Use `df.min(axis=1)`

```
df['c'] = df.min(axis=1)
df
Out[41]:
A B c
0 2 1 1
1 2 1 1
2 2 4 2
3 2 4 2
4 3 5 3
5 3 5 3
6 3 6 3
7 3 6 3
```

This returns the min row-wise (when passing `axis=1`

)

For non-heterogenous dtypes and large dfs you can use `numpy.min`

which will be quicker:

```
In[42]:
df['c'] = np.min(df.values,axis=1)
df
Out[42]:
A B c
0 2 1 1
1 2 1 1
2 2 4 2
3 2 4 2
4 3 5 3
5 3 5 3
6 3 6 3
7 3 6 3
```

**timings**:

```
In[45]:
df = pd.DataFrame({'A': [2, 2, 2, 2, 3, 3, 3, 3],
'B': [1, 1, 4, 4, 5, 5, 6, 6]})
df = pd.concat([df]*1000, ignore_index=True)
df.shape
Out[45]: (8000, 2)
```

So for a 8K row df:

```
%timeit df.min(axis=1)
%timeit np.min(df.values,axis=1)
314 µs ± 3.63 µs per loop (mean ± std. dev. of 7 runs, 1000 loops each)
34.4 µs ± 161 ns per loop (mean ± std. dev. of 7 runs, 10000 loops each)
```

You can see that the numpy version is nearly 10x quicker (note I pass `df.values`

so we pass a numpy array), this will become more of a factor when we get to even larger dfs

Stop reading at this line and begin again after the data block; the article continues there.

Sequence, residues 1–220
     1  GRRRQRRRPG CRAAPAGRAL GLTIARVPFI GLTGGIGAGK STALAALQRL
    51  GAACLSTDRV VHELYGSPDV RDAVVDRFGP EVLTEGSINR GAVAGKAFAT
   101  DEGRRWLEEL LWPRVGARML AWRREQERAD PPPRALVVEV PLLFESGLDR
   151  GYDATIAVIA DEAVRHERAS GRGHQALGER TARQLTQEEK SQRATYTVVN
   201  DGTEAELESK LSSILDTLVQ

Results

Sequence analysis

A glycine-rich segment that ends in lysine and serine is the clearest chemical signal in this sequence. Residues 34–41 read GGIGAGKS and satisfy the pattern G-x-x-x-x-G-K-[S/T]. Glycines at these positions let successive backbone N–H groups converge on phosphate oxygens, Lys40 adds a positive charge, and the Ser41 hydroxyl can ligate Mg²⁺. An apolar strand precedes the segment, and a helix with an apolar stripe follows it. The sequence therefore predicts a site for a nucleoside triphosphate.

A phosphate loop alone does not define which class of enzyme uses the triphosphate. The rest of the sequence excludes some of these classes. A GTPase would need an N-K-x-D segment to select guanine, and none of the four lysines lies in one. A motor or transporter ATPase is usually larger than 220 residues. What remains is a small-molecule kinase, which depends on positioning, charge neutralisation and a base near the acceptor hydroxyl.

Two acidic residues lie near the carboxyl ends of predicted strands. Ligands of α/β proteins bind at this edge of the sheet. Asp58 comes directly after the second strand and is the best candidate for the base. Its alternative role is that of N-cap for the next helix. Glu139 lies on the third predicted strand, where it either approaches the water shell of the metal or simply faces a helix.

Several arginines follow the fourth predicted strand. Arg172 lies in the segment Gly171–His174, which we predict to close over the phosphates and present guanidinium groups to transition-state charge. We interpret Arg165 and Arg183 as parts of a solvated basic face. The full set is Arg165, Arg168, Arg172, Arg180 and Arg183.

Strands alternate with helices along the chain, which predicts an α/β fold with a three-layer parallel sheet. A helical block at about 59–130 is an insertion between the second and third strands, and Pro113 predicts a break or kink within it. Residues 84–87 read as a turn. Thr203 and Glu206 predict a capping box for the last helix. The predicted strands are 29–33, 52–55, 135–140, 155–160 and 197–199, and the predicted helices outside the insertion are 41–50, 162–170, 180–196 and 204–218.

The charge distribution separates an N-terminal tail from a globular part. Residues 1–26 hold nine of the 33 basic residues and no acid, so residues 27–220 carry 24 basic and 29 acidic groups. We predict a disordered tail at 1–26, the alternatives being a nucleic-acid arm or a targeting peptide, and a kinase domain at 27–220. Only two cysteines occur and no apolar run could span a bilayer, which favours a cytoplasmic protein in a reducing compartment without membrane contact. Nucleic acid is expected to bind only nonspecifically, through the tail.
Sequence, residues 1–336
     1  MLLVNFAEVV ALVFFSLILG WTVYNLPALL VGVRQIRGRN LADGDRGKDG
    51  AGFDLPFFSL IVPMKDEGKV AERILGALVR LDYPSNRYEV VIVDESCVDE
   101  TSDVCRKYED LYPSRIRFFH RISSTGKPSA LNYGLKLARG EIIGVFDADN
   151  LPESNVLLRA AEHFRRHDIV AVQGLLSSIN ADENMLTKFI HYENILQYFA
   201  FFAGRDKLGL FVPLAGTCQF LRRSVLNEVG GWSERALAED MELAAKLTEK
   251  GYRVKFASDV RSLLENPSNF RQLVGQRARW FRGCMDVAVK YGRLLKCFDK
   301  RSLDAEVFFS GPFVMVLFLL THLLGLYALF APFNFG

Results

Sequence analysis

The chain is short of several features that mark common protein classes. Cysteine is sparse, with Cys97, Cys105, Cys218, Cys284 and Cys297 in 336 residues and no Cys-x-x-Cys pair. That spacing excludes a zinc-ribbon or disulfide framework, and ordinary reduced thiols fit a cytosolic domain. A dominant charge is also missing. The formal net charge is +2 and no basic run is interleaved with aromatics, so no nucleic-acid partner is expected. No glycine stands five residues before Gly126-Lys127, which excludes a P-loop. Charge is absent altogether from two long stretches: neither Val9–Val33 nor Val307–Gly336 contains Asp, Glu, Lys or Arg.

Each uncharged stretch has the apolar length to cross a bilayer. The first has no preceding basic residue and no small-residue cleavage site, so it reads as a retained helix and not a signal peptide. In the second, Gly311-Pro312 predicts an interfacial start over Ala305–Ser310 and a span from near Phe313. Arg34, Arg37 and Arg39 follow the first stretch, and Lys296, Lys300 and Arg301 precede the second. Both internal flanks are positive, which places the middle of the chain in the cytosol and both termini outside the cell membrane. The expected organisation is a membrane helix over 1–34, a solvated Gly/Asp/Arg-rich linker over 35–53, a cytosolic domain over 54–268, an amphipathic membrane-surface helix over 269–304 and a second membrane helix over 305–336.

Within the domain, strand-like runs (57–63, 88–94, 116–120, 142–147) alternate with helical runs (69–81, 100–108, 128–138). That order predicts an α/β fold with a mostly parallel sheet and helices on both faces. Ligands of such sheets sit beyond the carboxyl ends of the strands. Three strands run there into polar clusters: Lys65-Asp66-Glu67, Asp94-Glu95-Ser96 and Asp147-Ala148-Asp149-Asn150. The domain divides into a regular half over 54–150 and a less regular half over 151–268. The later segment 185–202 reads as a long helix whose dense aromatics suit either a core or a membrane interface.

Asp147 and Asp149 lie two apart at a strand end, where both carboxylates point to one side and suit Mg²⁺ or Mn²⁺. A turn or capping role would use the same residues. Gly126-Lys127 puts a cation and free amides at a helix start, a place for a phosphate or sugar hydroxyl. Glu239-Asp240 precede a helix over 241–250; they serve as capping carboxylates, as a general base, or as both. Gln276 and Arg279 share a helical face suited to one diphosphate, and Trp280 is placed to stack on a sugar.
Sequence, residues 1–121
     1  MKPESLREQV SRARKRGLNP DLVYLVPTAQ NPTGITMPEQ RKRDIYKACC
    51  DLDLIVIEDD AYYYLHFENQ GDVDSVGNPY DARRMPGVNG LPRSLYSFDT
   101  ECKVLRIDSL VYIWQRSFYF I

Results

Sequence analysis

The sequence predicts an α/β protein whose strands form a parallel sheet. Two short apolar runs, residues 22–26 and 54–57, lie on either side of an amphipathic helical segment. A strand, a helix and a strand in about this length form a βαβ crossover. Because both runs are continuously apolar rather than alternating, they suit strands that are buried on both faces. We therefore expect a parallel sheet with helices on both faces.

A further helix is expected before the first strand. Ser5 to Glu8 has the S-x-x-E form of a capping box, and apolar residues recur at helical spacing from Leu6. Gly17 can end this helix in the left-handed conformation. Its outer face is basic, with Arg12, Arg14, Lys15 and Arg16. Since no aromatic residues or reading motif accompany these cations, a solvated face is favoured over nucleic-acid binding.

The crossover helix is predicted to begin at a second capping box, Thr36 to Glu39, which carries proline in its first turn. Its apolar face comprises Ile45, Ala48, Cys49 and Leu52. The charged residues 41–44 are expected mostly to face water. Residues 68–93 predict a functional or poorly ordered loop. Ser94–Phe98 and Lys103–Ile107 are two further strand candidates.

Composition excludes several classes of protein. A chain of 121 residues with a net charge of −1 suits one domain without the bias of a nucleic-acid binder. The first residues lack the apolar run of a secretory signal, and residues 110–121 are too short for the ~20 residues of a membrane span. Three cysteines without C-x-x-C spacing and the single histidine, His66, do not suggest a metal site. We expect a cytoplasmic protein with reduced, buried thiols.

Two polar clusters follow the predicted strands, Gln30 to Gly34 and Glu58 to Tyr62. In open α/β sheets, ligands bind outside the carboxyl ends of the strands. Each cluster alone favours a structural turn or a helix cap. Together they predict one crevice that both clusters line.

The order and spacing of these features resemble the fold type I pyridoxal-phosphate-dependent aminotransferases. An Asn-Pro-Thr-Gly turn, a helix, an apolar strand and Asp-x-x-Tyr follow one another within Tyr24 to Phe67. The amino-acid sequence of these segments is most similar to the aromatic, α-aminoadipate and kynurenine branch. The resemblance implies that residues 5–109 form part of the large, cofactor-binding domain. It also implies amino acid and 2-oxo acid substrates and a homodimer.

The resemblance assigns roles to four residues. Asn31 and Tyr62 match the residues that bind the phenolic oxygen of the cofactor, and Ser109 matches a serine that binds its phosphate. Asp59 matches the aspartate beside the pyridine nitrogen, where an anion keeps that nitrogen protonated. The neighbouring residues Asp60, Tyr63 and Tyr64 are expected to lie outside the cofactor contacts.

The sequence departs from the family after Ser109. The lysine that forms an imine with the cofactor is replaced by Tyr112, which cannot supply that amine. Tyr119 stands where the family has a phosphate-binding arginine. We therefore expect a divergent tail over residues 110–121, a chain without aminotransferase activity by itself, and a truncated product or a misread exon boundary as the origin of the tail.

**Note**

for versions `0.24.0`

or greater, use `to_numpy()`

so the above becomes:

```
df['c'] = np.min(df.to_numpy(),axis=1)
```

**Timings**:

```
%timeit df.min(axis=1)
%timeit np.min(df.values,axis=1)
%timeit np.min(df.to_numpy(),axis=1)
314 µs ± 3 µs per loop (mean ± std. dev. of 7 runs, 1000 loops each)
35.2 µs ± 680 ns per loop (mean ± std. dev. of 7 runs, 10000 loops each)
35.5 µs ± 262 ns per loop (mean ± std. dev. of 7 runs, 10000 loops each)
```

There is a minor discrepancy between `.values`

and `to_numpy()`

, it depends on whether you know upfront that the dtype is not mixed, and that the likely dtype is a factor e.g. `float 16`

vs `float 32`

see that link for further explanation. Pandas is doing a little more checking when calling `to_numpy`